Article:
NEWS for North Dakotans
Agriculture Communication, North Dakota State University
7 Morrill Hall, Fargo, ND 58105-5665
April 6, 2000
Choosing the correct planting rate to establish stands that ensure optimum yields is critical for hard red spring wheat producers. North Dakota State University research shows that in the high-yield environment (45 to 60 bushels per acre) of northeastern North Dakota, planting to achieve plant populations of 34 plants per square foot produces optimum yields.
Bryan Hanson, agronomist at the NDSU Langdon Research Extension Center, says that while 34 plants per square foot was found to be optimum, there was really no significant difference in a range between 26 and 41 established plants per square foot. This suggests that growers need to establish stands of at least 26 plants per square foot, but no significant yield advantage results from stands heavier than 34 plants per square foot (1.48 million plants per acre).
The planting rate study, which involved 16 research locations across northeastern North Dakota, compared planting at rates of 0.5, 1.0, 1.5 and 2.0 million seeds per acre. The lowest planting rate yielded significantly less than all other rates. The 2.0 million seeds per acre rate yielded significantly higher than the 1.0 million seeds rate, but there was not a significant difference between the 1.5 and 2.0 million seeds per acre.
The producer's goal when selecting a planting rate is to establish a desired plant stand. The percentage of the planted seed that emerges can have a dramatic effect on final plant stands, and large differences in emergence can occur from field to field, making selecting the best planting rate difficult, Hanson says. The varying factors involved, such as depth of seeding, soil crusting, dry seedbeds and herbicide injury, make predicting percent emergence virtually impossible.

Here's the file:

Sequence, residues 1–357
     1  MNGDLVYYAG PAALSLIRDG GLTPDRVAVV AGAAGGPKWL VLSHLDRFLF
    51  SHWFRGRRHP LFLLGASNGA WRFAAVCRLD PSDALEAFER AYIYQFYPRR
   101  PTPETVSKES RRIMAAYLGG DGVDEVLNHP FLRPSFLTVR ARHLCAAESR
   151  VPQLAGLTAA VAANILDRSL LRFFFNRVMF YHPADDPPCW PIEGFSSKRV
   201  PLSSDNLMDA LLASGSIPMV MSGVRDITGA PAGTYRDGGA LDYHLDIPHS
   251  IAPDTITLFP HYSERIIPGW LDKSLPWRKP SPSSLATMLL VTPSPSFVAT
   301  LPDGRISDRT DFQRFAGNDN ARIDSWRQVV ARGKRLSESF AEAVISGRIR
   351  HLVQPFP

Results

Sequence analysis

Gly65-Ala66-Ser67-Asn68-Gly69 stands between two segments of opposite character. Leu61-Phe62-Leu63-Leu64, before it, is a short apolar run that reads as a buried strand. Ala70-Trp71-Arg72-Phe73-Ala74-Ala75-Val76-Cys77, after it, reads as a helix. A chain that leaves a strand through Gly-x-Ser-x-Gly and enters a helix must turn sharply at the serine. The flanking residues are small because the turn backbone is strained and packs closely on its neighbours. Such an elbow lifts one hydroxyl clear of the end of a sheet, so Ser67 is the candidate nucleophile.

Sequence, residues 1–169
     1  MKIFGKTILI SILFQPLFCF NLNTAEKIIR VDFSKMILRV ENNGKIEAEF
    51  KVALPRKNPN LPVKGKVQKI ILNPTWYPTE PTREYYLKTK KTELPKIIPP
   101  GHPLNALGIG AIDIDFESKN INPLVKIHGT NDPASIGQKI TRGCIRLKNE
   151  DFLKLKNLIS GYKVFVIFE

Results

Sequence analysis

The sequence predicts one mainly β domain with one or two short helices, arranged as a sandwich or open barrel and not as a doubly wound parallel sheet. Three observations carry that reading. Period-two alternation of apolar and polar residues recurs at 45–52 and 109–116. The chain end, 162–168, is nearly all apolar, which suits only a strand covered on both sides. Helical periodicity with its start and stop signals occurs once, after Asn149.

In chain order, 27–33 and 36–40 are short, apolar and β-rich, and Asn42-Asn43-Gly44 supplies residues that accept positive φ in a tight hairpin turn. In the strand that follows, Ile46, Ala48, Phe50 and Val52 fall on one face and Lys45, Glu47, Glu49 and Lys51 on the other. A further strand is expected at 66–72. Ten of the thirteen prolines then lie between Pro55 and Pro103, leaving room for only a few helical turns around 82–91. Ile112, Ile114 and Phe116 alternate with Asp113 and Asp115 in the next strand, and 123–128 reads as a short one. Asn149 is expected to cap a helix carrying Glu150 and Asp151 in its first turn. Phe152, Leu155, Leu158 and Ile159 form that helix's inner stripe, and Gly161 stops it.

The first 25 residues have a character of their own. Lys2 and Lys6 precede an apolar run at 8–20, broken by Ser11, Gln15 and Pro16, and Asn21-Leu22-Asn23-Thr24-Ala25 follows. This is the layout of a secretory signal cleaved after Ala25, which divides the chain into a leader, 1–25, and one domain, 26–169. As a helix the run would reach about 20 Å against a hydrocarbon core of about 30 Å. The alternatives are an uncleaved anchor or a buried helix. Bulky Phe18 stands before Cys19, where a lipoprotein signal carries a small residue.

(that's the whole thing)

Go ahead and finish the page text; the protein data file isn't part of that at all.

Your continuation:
"Seedbed conditions at planting will dictate the planting rate that a producer chooses. A favorable seedbed may allow producers to reduce planting rates and still obtain target plant populations," says Hanson.
Established plant populations below 26 plants per acre may force growers to consider replanting, he says. Stands of 15 plants per acre, compared to more optimum stands of over 26 plants, could result in a yield loss of about 9 percent, or 4.7 bushels per acre from a yield potential of 52 bushels per acre.
Even so, potential yield loss from late planting, in addition to seed, tillage and labor expense, may easily raise replanting costs to more than the potential yield loss. Weed control costs may be higher in low plant stands, however.
"Producers must carefully consider these factors before replanting," Hanson says.
Source: Bryan Hanson (701) 256-2582
Editor: Gary Moran (701) 231-7865